Even with its troublesome neighbor, South Korea is a great choice for exporters. The country can rely on a rapid economic development, a strategic location between two important trading countries, China and Japan, and a specialization in new information and communication technologies. South Korea offers advanced R&D capabilities and high quality infrastructure, and South Koreans are savvy consumers of new technologies and they are willing to pay for quality products. They benefit from the fastest average Internet connection speed, in a country considered to be a leader in Internet connectivity.
Foreign investors interested in going business in South Korea will, however, face the challenge poses by unique industry standards, and thus a general lack of transparency. Its workforce is highly skilled, but also costly, and real estate is expensive. However, patient and committed investors find business to be rewarding, and the average South Korean’s consumer to be loyal.
South Korea is one of the most urbanized countries on the planet, and also one of the most populated, filled with potential consumers. In this guide, we will guide you through the process of reaching South Korea’s consumers, successfully making sales on e-commerce channels, and getting your products to reach the desired consumers.
Digital Buyers by Age and Gender (in the millions)
43.1 percent of the Korean population use social media, according to a survey by Korea Information Society Development Institute. Kakao Story is the most widely-used social media (45.7 percent) followed by Facebook (30 percent). Each age group uses different social media sites. Facebook is favored by teenagers and those in their 20’s, while Kakao Story is favored by those in their 30’s and above
The most popular online shopping categories were online travel arrangement and reservation services, home electronics and appliances, and fashion and apparel.
The purchase of groceries is where online shoppers in South Korea stand out, as yStats.com’s report reveals. A double-digit share of retail sales of FMCG was made online in 2016, while in other advanced markets such as the USA, the UK and France this share is still in single-digits. Moreover, above one-half of online sales of groceries was transacted via mobile devices.
The most popular foreign sourced products from on-line retailers by Koreans are dietary supplements (16 percent), cosmetics (14 percent), food (13 percent), apparel (12 percent), footwear (8 percent), and electronics (7 percent).
Chu-seok (The 15th day of the 8th lunar month), Seollal (Lunar New Year’s Day), Parents’ day (May 8th) and Children’s day (May 5th) are major buying holidays in Korea. However, when purchasing from foreign online shopping sites, Koreans also follow foreign countries’ buying holidays, like Black Friday, to get the best deals.
U.S. based ecommerce companies should review the Personal Information Protection Act (PIPA) and ministerial data privacy/spam regulations, which may restrict ecommerce for firms managing user-data on international servers.
According to a survey by Korea Internet and Security Agency, PC and mobile shoppers preferred payment method is credit card accounting for 72.4 percent of PC and 68.1 percent of mobile shoppers. Next followed debit card and account transfer (both Internet and mobile banking service).
Next followed debit card and account transfer (both Internet and mobile banking service).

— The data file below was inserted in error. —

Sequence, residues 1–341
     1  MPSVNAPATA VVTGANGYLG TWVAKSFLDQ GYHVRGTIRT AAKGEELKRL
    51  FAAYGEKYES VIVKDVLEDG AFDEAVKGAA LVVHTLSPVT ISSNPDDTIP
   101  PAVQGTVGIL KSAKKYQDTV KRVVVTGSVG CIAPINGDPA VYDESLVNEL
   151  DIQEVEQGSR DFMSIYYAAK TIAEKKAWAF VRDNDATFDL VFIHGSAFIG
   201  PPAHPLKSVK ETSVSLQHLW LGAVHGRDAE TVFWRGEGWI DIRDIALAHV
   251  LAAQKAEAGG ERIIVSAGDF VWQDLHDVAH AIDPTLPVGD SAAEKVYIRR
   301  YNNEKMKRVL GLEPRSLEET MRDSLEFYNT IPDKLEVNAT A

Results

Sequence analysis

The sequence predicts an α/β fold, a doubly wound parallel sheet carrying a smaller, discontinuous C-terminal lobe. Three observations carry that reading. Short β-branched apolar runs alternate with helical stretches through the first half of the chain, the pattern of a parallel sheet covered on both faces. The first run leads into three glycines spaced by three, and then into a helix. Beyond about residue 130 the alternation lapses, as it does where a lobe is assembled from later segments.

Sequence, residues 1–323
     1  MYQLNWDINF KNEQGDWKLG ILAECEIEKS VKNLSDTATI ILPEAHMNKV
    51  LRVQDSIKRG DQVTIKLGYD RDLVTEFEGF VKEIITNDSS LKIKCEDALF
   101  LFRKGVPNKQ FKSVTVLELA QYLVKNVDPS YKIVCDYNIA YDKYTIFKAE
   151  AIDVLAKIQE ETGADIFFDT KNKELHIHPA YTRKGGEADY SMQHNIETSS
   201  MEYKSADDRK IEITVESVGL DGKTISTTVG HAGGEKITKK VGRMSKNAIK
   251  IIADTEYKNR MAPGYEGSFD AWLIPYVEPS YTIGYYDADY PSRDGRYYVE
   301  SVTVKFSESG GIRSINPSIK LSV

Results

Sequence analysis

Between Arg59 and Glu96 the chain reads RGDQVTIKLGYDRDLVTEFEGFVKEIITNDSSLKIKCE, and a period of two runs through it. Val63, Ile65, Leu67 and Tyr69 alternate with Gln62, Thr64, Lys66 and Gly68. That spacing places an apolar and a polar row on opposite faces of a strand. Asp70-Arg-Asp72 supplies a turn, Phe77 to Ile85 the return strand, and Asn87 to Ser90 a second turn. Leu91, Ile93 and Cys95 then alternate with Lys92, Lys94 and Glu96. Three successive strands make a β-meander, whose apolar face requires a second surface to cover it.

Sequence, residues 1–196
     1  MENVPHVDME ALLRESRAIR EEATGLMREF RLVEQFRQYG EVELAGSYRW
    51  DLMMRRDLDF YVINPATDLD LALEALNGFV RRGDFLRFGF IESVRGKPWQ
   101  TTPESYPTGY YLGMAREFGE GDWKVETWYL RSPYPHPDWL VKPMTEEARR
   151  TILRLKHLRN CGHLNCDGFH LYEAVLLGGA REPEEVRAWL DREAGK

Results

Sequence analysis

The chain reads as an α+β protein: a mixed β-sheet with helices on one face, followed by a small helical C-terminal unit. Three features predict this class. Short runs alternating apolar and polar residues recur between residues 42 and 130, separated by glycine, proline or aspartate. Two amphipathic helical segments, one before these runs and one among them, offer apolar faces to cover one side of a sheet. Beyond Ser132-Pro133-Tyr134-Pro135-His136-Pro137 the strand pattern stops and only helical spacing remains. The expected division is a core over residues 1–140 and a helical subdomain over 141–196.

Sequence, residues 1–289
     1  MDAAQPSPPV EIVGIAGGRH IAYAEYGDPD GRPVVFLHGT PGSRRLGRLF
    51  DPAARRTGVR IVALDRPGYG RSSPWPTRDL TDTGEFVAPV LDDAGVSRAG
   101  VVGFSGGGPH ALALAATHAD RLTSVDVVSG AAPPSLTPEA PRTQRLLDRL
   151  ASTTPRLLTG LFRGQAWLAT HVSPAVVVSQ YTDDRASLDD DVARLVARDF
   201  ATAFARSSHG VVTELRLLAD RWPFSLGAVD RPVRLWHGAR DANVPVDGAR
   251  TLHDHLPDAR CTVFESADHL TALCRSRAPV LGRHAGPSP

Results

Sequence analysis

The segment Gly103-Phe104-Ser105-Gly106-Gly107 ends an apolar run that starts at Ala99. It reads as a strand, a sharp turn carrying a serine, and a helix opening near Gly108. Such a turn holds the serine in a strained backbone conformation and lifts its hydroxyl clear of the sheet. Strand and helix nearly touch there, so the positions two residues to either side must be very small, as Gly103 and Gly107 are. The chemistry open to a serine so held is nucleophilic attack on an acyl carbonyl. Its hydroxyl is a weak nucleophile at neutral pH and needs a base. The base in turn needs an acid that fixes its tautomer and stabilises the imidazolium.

Cash on delivery (4%), eWallet (3%), PrePay (2%)
Mobile retail ecommerce sales are also particularly strong in South Korea. In 2015, industry data suggests that 37.5 percent of online retail sales were generated via mobile device. Mobile shopping transaction volume amounted to 34.7 trillion Korean won in 2016, accounting for 53.46 percent of total online shopping value during that year. As of the fourth quarter of 2016, 55 of the population in South Korea have made a purchase via mobile phone.
More than 50% of B2C eCommerce sales in this country stem from mobile. Driven by convenience of mobile shopping, consumers in South Korea increasingly turn to mobile devices for making purchases online. As of early 2017, smartphone stands as the favorite device of South Korean online shoppers, with the share of Internet users buying on mobile exceeding the share of those using computers to shop.
Payment Gateway category like Samsung Pay and Naver Pay is attracting more users. On average 860,000 cases per day were paid by smart pay services in 2016 and the sales amount to $ 22.3 million.
While cards remain by far the most dominant method of payment (83% market share), alternative payment methods are expected to loosen the grip of card-based transactions, with online payments growing from 17-27% from now to 2019.
With the FTA, 95% of tariffs on U.S. imports were eliminated by March 15, 2017. The U.S. Department of Commerce’s FTA Tariff Tool can help U.S. exporters identify the harmonized system number for their products and the associated tariff rates over the next ten years. Exporters can also contact the U.S. Agricultural Trade Office, affiliated with the U.S. Embassy in Seoul, for specific information on agricultural tariff rates.
Korea also maintains a tariff quota system designed to stabilize domestic commodity markets. Customs duties can be adjusted every six months, within the limit of the basic rate, plus or minus 40 percent.
Korea has a flat 10 percent Value Added Tax (VAT) on all imports and domestically-manufactured goods. A special excise tax of 10-20 percent is also levied on the importation of certain luxury items and durable consumer goods. Tariffs and taxes must be paid in Korean Won within 15 days after goods have cleared Customs.